INSIGHTS BLOG

PRESIDENT TRUMP'S BAD DAY

Mark Lister, 26 August 2019

Things took a turn for the worst during last week’s Friday trading session in the US, and we should expect a rough ride in the coming days.

First up, Federal Reserve Chair Jerome Powell didn’t go as far many had hoping during his speech at the Jackson Hole conference. Powell acknowledged the economic outlook had deteriorated and that risks were rising, noting that the Fed will act appropriately to sustain the expansion.

That’s all we should expect from the Fed, but market expectations were high and some were hoping for more explicit guidance around potential rate cuts in the coming months.

Few were more disappointed than President Trump. He took to twitter to vent his frustrations, calling Powell ‘the enemy’ and using plenty of capital letters to reinforce his dissatisfaction.

trump tweets

That was only the beginning, with China shortly afterwards announcing its latest retaliation in the long running trade saga between the world’s two biggest counties. Some US$75bn of US goods will attract tariffs of between five and ten per cent, which will hit autos and related components most harshly.

Already angered with Powell’s inaction, Trump quickly responded with a directive for American companies to immediately find an alternative to China. Vietnam and Mexico are viable alternatives to manufacturing bases in China, but not overnight. A number of US affected businesses have also pointed out that the ultimate cost of these trade tensions will be borne by US consumers, rather than China.

These developments saw the major US sharemarket indices finish sharply lower, with the Dow Jones Industrial Average off more than 600 points and S&P 500 more than 2.5 per cent lower on the day.

After the market had closed, Trump returned fire with some increased tariffs of his own. A series of tweets detailed that existing duties on US$250bn of Chinese goods will increase from 25 to 30 per cent, and that the upcoming tariffs on another US$300bn of goods will now attract a 15 per cent duty, rather than 10 per cent as originally planned.

We should expect a rough week ahead, as investors ponder just how high the stakes have been raised. In addition, most other markets were closed when the drama was unfolding on Friday, while much of the details didn’t come until after the close.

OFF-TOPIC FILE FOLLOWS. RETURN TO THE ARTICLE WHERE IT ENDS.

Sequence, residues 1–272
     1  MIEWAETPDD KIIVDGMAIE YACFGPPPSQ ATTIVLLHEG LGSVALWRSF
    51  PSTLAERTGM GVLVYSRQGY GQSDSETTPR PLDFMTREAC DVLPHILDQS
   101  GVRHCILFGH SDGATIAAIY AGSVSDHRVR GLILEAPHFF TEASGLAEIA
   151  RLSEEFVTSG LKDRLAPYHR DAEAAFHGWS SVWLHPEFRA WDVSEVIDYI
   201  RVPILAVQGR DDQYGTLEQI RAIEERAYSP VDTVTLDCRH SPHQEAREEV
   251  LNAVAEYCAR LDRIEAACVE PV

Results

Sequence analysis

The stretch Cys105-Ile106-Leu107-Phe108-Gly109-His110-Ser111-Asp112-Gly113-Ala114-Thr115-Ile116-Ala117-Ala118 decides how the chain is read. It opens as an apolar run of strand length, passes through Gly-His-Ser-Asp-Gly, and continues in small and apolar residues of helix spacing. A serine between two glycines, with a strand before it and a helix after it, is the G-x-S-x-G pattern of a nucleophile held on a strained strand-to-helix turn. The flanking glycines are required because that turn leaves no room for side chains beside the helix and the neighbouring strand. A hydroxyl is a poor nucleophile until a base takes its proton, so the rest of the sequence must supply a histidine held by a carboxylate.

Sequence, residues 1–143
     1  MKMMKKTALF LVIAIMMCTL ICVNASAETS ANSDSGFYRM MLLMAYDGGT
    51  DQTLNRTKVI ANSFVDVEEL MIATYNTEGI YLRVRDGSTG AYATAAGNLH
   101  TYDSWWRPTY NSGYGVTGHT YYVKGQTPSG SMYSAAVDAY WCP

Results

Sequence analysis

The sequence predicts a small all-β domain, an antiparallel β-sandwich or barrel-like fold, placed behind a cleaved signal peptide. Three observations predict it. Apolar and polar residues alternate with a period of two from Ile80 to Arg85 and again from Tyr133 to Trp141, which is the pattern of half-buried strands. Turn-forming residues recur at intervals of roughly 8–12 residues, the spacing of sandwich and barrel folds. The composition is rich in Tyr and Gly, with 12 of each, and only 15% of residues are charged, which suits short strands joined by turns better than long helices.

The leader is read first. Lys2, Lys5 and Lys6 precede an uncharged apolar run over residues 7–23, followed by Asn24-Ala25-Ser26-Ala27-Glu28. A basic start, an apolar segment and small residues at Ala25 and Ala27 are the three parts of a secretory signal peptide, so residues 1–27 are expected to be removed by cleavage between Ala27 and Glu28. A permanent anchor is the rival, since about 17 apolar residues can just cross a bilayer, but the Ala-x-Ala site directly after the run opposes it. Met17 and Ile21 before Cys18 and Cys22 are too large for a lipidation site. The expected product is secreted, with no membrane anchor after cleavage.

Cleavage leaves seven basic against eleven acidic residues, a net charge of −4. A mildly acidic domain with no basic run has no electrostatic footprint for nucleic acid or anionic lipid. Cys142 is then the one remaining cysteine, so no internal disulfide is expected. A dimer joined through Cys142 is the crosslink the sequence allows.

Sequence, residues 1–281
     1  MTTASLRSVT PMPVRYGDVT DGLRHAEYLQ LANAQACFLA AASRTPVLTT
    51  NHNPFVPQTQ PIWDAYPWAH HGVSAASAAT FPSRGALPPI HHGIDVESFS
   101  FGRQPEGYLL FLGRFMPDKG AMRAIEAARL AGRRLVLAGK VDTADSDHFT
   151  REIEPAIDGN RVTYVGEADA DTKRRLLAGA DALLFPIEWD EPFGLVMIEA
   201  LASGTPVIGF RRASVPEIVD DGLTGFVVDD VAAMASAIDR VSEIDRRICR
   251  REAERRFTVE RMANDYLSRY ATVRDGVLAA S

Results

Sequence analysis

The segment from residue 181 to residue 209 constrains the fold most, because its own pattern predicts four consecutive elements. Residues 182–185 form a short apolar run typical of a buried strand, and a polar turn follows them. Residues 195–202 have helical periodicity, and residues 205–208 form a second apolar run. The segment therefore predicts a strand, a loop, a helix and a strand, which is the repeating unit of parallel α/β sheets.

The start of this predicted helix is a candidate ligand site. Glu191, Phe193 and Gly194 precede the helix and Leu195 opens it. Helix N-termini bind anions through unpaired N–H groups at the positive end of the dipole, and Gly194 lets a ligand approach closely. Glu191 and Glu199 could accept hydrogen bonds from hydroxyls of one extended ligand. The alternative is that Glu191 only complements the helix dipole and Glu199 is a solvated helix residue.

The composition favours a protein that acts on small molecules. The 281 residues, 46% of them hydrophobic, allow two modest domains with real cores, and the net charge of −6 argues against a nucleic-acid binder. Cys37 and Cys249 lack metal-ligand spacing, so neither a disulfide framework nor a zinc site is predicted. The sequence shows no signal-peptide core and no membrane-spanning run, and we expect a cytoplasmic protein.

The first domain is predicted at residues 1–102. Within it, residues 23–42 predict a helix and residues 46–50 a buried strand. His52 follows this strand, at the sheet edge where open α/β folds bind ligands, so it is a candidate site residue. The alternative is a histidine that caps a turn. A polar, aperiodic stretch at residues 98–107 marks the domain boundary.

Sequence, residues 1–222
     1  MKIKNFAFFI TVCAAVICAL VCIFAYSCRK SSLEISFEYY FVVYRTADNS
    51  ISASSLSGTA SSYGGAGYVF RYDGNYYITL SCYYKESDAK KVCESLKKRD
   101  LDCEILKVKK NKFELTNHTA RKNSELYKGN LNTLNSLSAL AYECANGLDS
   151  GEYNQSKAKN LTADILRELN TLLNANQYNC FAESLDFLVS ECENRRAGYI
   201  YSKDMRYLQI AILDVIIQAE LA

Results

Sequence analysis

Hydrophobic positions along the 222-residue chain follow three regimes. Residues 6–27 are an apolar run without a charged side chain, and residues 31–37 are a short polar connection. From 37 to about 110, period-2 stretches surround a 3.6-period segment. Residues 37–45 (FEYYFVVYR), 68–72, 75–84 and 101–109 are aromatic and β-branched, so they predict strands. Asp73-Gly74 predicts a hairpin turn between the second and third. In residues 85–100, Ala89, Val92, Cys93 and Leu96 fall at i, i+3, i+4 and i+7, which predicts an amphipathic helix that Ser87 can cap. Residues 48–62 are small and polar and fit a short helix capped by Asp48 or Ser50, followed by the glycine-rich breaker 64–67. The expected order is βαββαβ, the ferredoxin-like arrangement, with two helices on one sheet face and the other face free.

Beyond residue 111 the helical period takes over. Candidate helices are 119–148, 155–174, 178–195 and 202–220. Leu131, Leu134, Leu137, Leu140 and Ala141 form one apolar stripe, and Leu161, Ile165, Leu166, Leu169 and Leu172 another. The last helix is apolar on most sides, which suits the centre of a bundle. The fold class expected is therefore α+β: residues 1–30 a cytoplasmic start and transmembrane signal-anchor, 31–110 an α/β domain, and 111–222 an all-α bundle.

We’ve long thought the trade spat between the US and China could drag on for some time, and the recent escalation confirms it will get worse before it gets better.

Both sides have plenty to lose, with a decent chunk of global growth likely to be eroded should things continue the way they are. If it develops into a full-blown trade (or currency) war, the negative impact on activity, sentiment and supply chain disruptions could indeed push the world into recession.

The US economy is in a stronger position over the near term, although it’s harder to pick a winner over longer timeframes.

As a state-controlled economy China arguably has more levers to pull, while its citizens are certainly more accustomed to making sacrifices for the greater good. President Xi Jinping also has time on his side, given his term as leader is indefinite while President Trump has an expiry date.

As scary as the current escalation feels, we can’t rule out an eventual deal of some sort. There’s an election in the US next year, and recessions, cost increases and sharemarket collapses aren’t usually vote winners. This certainly won’t be lost on someone as astute as Donald Trump.

However, we shouldn’t necessarily count on sanity prevailing. When politics and egos are involved, anything can happen.

Until then, don’t panic but do take cover. We’re likely to see a ‘risk off’ tone prevail in the short-term, which means shares could suffer and haven assets like government bonds, good quality fixed income and gold will do well.

Higher risk currencies like the NZ and Australian dollar tend to fall in periods like this, while the US dollar, Japanese yen and Swiss franc do well. Commodity prices often weaken, given they are leveraged to global growth, so keep an eye on oil and dairy prices.

Within shares, defensive sectors usually outperform during periods of volatility. Cyclical and economically sensitive companies generally find themselves worse off, as do smaller companies compared with their larger peers. The New Zealand market usually holds up better than most, given the dominance of more predictable, income-generating businesses.

Those with well diversified portfolios appropriately matched to their risk profile need not worry, you’re likely already wearing all-weather clothing. However, if you feel over exposed don’t be afraid to take some profits and reduce risk. It’s not a bad time to touch base with your adviser and check if any fine-tuning is required.

For newer investors sitting on cash who’ve been wary of investing at record highs, bide your time and cross your fingers we see a bit more downside from here. Those are the periods when you get your chance to pick up some good assets at more reasonable prices.

Top